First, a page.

imported from mga-cauldron+aur
This package contains a DKMS-ready driver for nvidia laptop display back-lights. This driver drives the smartdimmer register found on modern mobile Nvidia graphics adapters such as NV40, NV41, NV43, NV44, NV46, NV47, NV49, NV4B, C51, G84, G86, G92, G94, G96, GT200 architectures to adjust the display backlight. On Apple machines this driver allows more fine-grained brightness adjustment than the mbp-nvidia-bl-dkms (mbp_nvidia_bl) driver and is generally preferred. Knowing maybe work's on: "Sony Corporation", "VGN-AW11","VGN-AW290J","VGN-FZ11","VGN-FZ31", "VGN-FZ38","VPCCW1","VPCCW2","VPCS1","VGN-S560","VPCF1" "Dell Inc.", "Inspiron 1370","Vostro 3400","Vostro 3500","Latitude E6530" "SAMSUNG ELECTRONICS CO., LTD.", "N510","SR70S/SR71S","Q430/Q530","R510/P510", "RV409/RV509/RV709","RV420/RV520/RV720/E3530/S3530/E3420/E3520", "TOSHIBA", "SATELLITE PRO U500","SATELLITE L750","SATELLITE L755" "Apple Inc.", "MacBook5,1","MacBook5,2","MacBook6,1","MacBook7,1","MacBookPro3,1", "MacBookPro3,2","MacBookPro4,1","MacBookPro5,2","MacBookPro5,4","MacBookPro5,5", "MacBookPro7,1","MacBookAir2,1","MacBookAir3,1","MacBookAir3,2" "LENOVO", "4313CTO","4270CTO","42844MG","9523","20192","QIQY5","20193" "LG Electronics", "R590-P.BN58P1","R590-K.BE52P1","R580-K.AHC4WA9", "ASUSTeK COMPUTER INC.", "G75VW","G75VX","G74Sx","G55VW","G55VW", "Compal", "PBL01","QAL51", "Quanta", "TW9", "FUJITSU", "AMILO Pi 3560", "Acer", "TravelMate 8481TG", "Hewlett-Packard", "HP Pavilion dv3500 Notebook PC",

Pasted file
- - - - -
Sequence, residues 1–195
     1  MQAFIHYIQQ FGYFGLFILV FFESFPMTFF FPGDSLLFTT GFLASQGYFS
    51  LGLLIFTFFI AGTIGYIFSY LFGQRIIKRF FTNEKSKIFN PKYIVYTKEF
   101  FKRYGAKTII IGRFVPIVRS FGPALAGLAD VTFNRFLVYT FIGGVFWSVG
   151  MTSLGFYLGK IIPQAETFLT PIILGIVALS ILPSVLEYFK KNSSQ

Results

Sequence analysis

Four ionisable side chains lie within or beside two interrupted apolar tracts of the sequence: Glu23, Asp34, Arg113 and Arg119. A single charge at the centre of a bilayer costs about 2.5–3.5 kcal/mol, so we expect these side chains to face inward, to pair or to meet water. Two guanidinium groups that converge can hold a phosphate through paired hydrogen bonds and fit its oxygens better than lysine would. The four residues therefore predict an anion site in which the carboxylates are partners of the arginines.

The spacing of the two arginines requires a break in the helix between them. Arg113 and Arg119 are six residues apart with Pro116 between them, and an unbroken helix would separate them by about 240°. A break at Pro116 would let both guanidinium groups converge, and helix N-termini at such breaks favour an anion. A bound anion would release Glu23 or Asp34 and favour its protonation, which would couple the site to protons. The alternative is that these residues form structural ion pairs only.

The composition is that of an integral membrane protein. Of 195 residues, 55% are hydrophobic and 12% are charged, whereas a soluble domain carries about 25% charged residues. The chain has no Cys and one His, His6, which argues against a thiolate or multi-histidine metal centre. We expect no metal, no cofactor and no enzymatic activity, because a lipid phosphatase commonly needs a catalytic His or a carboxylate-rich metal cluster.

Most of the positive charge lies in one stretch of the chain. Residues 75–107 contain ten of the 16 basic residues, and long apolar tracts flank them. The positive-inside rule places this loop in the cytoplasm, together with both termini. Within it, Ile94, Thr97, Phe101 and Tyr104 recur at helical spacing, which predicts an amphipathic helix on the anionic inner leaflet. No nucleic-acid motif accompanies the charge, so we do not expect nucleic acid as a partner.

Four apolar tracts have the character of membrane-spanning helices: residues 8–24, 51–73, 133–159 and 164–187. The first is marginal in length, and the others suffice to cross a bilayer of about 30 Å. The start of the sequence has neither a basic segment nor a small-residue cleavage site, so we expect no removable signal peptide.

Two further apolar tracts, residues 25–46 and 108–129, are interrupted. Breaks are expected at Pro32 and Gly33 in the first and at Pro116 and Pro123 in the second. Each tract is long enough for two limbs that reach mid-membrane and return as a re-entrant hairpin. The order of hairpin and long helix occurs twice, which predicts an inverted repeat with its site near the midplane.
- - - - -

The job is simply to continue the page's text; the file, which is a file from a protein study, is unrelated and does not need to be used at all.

This module allows you to create "virtual video devices" normal (v4l2) applications will read these devices as if they were ordinary video devices, but the video will not be read from e.g. a capture card but instead it is generated by another application.
Use v4l2loopback-ctl for controlling FPS, placeholder image and image format. See "$ man v4l2loopback-ctl.1" or "$ v4l2loopback-ctl --help".